And on the original topic, I just checked and my current project is at 5094 lines (including blank ones), and now it seems insignificant. Especially cause about 1000 of those are ASM, which, if I didn''t have multiple copies of functions to do slightly different things, would probably be more like 200, which written in C++ would probably fit into 100. Oh well. Basically the way I keep it under control is to make a bunch of files, and group related classes into them (like, tiles, layers, and maps all have to have eachother to work, so they go together). Then give each class a bunch of functions (usually an Init, UpdateFrame, Cleanup and whatever else is needed), only use globals for things like setting up the program, the main UpdateFrame function, the active map (it''s easier than passing a pointer all the time), and the video/input/sound control objects.
I don''t think it''s really that great of a style though, especially since I rarely comment, and do things the fastest way I can, not the easiest to read.

Anyway, good luck on getting your project in order. If it gets too confusing, try to reorganize everything into seperate files, but don''t actually do anything until you''ve though about it first or you''ll end up going around in circles trying to decide where to put something^_^

-Deku-chan

DK Art (my site, which has little programming-related stuff on it, but you should go anyway^_^)

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Just to quickly fill in to DekuTree64''s reply, I played Dune 2000 with my brother over DCC. Then suddenly the thing bombed out showing "xxxxxxx.cpp" at the title and the error message states "Error ### - Unit doesn''t know it''s a unit". Man I cracked myself for 10 minutes. Well you''ve got to admit, it was funny.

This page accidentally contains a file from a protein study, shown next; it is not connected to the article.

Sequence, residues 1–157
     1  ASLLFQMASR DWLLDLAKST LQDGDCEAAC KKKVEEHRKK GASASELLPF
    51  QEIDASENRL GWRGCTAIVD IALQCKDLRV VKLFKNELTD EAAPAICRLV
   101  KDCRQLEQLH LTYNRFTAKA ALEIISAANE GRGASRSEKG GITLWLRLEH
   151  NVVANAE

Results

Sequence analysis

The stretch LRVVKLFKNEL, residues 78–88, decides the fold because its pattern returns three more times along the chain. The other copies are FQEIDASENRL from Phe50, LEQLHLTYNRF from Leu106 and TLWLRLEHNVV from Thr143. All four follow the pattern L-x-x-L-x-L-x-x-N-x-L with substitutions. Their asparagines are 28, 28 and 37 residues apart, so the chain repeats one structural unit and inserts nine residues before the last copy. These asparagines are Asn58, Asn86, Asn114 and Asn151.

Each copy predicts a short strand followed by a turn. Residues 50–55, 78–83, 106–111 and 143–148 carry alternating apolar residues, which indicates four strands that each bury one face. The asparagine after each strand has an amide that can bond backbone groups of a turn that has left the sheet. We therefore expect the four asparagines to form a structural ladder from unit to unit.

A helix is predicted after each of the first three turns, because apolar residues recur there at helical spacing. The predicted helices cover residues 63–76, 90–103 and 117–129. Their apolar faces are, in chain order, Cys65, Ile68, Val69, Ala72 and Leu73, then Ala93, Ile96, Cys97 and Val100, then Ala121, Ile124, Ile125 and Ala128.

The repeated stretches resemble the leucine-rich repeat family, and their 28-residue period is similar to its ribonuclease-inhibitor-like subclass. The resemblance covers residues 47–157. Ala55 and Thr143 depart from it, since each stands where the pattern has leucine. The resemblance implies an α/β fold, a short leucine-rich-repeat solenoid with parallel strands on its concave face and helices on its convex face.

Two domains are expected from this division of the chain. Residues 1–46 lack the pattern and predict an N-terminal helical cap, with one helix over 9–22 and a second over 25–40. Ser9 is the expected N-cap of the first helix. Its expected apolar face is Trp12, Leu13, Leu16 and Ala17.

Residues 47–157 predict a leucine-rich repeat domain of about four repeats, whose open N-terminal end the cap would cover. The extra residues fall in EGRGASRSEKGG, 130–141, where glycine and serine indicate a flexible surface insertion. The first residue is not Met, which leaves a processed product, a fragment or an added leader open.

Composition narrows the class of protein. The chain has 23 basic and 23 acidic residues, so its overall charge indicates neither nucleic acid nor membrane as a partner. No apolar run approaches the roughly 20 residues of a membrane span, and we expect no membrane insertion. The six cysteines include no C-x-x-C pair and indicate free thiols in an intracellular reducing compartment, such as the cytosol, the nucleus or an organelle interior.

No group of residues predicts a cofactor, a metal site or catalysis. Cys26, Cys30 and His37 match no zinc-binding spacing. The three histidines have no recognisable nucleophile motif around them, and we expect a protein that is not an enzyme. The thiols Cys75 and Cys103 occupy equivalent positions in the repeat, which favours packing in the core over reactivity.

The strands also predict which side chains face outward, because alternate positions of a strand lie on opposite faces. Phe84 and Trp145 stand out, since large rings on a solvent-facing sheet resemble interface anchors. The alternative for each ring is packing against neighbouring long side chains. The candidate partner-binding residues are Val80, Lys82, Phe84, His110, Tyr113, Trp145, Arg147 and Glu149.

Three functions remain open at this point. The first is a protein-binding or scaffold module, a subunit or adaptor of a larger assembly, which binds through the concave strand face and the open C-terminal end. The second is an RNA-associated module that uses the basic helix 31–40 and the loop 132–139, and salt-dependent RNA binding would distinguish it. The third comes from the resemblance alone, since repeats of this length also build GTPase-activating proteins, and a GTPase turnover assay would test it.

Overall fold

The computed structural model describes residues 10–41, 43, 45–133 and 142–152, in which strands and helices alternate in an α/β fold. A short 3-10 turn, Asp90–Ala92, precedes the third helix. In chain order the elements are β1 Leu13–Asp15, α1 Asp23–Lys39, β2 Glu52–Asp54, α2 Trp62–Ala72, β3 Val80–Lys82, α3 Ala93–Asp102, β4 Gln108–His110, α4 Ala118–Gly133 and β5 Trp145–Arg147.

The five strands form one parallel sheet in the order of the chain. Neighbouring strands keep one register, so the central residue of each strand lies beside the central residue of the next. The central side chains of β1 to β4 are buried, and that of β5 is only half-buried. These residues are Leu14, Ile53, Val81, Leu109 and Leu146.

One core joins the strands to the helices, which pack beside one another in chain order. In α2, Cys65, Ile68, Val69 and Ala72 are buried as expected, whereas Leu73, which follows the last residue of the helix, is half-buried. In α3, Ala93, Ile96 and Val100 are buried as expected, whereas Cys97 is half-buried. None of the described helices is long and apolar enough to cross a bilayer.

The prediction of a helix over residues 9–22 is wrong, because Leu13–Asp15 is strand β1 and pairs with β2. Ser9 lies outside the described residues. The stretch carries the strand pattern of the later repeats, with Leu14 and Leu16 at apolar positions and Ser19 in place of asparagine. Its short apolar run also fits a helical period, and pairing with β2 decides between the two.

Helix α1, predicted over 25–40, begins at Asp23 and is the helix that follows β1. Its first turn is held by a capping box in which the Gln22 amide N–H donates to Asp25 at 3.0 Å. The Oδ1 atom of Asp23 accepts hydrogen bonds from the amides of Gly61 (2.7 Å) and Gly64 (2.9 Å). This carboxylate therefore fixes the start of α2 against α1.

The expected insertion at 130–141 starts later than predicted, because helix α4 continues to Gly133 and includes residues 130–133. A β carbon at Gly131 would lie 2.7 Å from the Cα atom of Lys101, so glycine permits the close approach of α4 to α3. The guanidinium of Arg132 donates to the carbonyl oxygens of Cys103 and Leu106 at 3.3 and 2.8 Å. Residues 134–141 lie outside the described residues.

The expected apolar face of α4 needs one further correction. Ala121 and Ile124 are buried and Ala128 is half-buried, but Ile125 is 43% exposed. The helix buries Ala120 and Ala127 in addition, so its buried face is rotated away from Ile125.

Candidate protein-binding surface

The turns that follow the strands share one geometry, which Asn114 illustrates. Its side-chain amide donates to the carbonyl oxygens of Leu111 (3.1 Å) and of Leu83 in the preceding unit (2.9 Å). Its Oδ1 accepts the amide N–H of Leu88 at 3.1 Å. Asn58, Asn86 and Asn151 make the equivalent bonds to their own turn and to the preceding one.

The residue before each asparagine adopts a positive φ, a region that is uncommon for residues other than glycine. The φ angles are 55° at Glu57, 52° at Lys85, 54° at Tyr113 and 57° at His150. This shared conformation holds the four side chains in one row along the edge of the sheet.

Actually that hierarchy stuff, when you draw it on paper (or write, whatever), does it look like a tree (You know, the main node with the branch nodes, etc.) or do you just write the code descriptions?

I''m just a bit interrested in what you guys said about all those lines of code and all that confusement. Well will some one please explain it to me some time (just for the interresting fact of hierarchies. Who knows if I''ll be living on it to use it.)

------------------------------
-Last Attacker
ICQ: 120585863
E-mail: laextr@icqmail.com

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Well you want to draw your heirarchy as a tree, and probably have class descriptions seperate. Just use the name of the class in your heirarchy and show which are your base classes and which classes are derived from them. If it provides no other benefit to you, atleast you have all of your classes listed in one place so you don''t have to knock your head to remember what you named that class that you haven''t used in a couple of weeks, they are all in one document.

Then you can create the individual class documents. Here you list the public data and methods and show which classes interact with which other classes and which methods they use.

If you have groups of classes which are designed primarily to interact with each other, then you can draw them all on the same document and use line-arrows from class to class to show the relationship. You can break this down to multiple levels.

If you want to get really into it, you can then create a class dictionary for each class. This will describe everything about the class. You will have a seperate page for each member variable and method. You will describe it''s purpose in life, what it does exactly (if it''s a method), the data type, min-max values, how often you expect to use the member, etc...

In my experience this is mostly only done religiously on large mission-critical applications. Just mix and match whatever works best for you Despite Booch and everything else, OOD is still in it''s infancy and nobody can say what is the ''best method''.

But any design documents are better than no design documents

Seeya
Krippy

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I actually wrote a console application that allowed me to enter in all my project source files and it counted the number of lines and gave the option to exclude comments and space. It also gave line percentages of comments used, function calls, etc. Don''t know why I made it, just got bored one night. Pretty cool to see the exact size of my projects though.